Piedmont Traid, NC -- How much dirt do you think is out there on the internet about you?; a picture of you from college having a little too much fun or maybe it's a false claim someone made about you.
It's the stuff that makes you cringe...knowing that is what someone - perhaps a potential employer or an admissions office - can easily find on Google.
And you know the saying - once something is online, it's there forever. Or is it?
WFMY News 2 found out you may not be able to completely delete your digital dirt but you can certainly restore your online reputation.
Latina Brooks is a graduating senior at UNCG who has taken the task into her own hands.
The college student has several photos with her friends having fun at different social gatherings. Brooks says she looks back now and wishes some of those photos never made it online.
"[Future employers would] probably just think like I was a party animal," Brooks said about her photos. "I used to be very, very active. I used to be on twitter, Instagram, Facebook, anything. I would just post anything; doing a lot of complaining."
Now that Brooks is getting ready to enter the so-called "real world" she hopes none of her ill-advised online activity hurts her chances of getting her dream job.
"Your reputation online is more important today than ever before. It's how people are making decisions about you: whether to hire you for a job, do business with you, all sorts of decisions," Michael Zammuto of ReputationChanger.com said.
In fact, in the Greensboro Police Department online reputation has been part of the hiring process for about four years, according to Captain Brian James, the head of the Resource Management Division.
"We ask them, hey, here's a computer. Sign on to you Facebook account. Let's take a look at it," Captain James explained. "It just kind of gives us an indication of how you carry out your private life
Which is why Brooks says she is now quickly cleaning up her online image.
"I didn't know all this stuff was out there," she said.
From vulgar rants to inappropriate pictures on old and current social media profiles, Brooks is deleting and untagging them all.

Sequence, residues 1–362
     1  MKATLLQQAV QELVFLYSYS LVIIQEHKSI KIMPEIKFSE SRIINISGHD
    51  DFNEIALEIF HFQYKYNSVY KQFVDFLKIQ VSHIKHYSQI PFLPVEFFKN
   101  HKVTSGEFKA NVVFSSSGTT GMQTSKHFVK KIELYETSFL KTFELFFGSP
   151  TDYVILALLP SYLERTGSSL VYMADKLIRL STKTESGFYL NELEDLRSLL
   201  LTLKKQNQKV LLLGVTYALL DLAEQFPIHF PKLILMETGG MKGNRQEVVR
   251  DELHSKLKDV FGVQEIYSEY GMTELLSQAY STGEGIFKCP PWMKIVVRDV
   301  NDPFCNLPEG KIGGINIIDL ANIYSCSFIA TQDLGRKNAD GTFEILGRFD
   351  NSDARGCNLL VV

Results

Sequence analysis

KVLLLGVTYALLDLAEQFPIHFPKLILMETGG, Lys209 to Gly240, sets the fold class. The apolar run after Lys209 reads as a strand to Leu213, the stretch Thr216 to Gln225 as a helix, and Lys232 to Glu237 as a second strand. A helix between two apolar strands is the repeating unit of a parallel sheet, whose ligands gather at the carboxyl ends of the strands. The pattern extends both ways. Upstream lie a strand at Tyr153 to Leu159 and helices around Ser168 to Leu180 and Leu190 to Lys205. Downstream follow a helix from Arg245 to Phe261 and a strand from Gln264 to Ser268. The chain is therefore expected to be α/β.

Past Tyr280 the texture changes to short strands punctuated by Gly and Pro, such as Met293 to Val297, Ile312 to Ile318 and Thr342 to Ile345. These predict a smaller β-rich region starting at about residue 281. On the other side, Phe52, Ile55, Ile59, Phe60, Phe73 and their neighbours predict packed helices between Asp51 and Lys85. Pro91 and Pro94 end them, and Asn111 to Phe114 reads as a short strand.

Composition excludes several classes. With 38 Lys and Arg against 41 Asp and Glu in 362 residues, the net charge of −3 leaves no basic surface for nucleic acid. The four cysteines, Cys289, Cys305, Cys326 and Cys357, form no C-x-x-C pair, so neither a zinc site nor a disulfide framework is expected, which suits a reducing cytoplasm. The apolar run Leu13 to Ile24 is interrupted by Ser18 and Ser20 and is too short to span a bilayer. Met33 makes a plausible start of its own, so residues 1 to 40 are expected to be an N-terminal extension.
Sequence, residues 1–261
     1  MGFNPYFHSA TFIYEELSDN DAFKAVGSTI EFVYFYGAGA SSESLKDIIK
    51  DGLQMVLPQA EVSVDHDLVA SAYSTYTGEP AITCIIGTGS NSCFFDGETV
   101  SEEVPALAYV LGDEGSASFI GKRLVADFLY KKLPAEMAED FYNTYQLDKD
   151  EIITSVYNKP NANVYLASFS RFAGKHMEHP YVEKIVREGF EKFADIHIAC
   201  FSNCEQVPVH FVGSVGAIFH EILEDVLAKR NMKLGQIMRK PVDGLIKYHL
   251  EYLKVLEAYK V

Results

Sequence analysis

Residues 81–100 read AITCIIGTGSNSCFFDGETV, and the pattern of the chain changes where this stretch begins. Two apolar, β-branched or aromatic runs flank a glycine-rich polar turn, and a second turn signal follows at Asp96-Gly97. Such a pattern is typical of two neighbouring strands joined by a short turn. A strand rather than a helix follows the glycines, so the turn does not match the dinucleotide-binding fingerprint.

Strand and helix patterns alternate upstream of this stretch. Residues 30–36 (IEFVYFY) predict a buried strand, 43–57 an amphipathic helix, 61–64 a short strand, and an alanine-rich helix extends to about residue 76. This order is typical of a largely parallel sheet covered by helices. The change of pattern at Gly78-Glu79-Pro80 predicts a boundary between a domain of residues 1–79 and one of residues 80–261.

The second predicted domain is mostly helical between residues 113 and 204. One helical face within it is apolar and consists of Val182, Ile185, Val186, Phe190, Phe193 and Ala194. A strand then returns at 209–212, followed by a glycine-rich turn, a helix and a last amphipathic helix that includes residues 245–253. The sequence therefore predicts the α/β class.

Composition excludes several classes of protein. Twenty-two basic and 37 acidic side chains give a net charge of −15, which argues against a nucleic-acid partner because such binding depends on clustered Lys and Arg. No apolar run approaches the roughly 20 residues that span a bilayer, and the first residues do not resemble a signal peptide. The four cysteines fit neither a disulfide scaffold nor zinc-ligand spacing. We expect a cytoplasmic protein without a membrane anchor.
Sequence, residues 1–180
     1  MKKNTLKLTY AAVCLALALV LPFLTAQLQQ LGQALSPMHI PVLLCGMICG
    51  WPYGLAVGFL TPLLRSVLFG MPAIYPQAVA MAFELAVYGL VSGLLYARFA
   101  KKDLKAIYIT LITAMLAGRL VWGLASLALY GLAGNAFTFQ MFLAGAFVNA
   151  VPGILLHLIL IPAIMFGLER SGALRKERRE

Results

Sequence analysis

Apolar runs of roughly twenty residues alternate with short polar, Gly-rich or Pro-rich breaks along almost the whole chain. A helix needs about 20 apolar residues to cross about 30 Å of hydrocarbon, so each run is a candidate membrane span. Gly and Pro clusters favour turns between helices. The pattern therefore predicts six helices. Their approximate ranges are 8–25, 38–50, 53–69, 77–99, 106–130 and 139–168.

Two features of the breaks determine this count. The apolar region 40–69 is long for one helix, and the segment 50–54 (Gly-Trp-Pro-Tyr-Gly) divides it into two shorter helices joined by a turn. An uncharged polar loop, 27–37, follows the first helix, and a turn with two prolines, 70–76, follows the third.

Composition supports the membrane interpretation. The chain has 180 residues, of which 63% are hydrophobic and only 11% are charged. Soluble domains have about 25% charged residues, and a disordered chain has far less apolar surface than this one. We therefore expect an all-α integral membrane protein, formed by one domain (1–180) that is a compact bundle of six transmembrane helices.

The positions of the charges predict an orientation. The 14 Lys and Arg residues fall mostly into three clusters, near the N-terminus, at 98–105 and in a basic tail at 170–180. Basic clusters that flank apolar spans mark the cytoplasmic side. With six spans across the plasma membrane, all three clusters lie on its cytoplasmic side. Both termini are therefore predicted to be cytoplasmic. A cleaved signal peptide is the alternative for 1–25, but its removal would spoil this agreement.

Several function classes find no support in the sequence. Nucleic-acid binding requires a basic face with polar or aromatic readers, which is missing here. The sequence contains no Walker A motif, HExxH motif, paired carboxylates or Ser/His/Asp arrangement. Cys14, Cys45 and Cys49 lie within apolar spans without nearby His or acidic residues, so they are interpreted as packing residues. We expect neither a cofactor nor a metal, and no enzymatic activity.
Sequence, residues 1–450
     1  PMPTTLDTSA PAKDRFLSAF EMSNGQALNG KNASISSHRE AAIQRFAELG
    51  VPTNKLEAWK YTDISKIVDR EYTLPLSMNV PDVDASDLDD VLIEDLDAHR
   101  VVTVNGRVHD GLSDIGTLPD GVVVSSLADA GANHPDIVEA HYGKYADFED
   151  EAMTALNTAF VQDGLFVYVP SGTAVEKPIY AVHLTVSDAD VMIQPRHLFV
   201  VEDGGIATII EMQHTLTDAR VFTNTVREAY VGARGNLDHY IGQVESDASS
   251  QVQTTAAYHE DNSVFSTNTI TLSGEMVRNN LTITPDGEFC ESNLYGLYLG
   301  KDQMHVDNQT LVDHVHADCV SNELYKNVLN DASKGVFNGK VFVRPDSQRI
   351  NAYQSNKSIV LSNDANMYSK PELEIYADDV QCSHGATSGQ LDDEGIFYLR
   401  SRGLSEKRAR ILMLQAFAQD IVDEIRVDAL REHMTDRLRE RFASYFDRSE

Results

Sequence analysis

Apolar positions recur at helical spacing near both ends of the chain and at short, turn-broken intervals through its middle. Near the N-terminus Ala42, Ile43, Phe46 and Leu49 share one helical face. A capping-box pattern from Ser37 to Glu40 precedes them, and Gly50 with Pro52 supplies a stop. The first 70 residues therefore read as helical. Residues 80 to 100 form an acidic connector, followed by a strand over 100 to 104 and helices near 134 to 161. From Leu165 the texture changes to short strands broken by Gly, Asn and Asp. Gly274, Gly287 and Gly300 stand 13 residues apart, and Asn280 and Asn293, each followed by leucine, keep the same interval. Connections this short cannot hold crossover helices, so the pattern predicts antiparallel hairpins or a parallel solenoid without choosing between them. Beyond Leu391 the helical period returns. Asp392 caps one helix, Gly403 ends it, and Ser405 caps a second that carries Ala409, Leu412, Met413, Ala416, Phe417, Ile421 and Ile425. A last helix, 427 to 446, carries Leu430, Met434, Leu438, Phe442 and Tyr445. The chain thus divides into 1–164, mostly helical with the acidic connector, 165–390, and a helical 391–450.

"Sometimes you'll be out with your friends and maybe you're just sleeping and people will take a picture of you and be like, 'oh, yeah, she's passed out'," Brooks explained about the perils of being social in the age of social media.
Teddy Burris, a networking strategist, says he sometimes gets questions about deleting digital dirt during his seminars.
"If something was posted or shared - a video, a picture, an image or statement - the best think you can do is to remove it and/or correct it,' Burris says he advises his students and clients.
He and Zammuto say deleting your digital dirt takes work.
First, search for what is out there.
"The first thing to do to clean up your reputation is not back off from it. Don't attempt to hide from it because people are going to find you,' Zammuto expounded.
Next, like Brooks, delete anything you have posted while asking others to delete what they have of you.
If there's still more? Time to manipulate your search results or simply "bury" the bad.
"If you build enough stuff about you and it's interesting and it's engaging, it'll eventually push down those older things," added Zammuto.
Bottom line, start early, monitor often and in moving forward, watch what you post - way before that important someone starts looking.
And that's exactly what Brooks says she's doing.
"I hope [a potential employer or graduate school admissions office] can see the progression, if they are looking right now. Because I can't delete everything, because once it's on there, it's on there but I have scaled back a lot and maybe they can see that she's had her fun and she's ready to work."
For people with more serious online reputation issues, there are companies out there to help you rebuild your personal brand.
But get ready to pay - fixing your reputation can range anywhere from hundreds of dollars to thousands a year.
Here is a list of companies to get you started:
ReputationChanger.com (offer free monitoring service)
Big Blue Robot
Metal Rabbit Media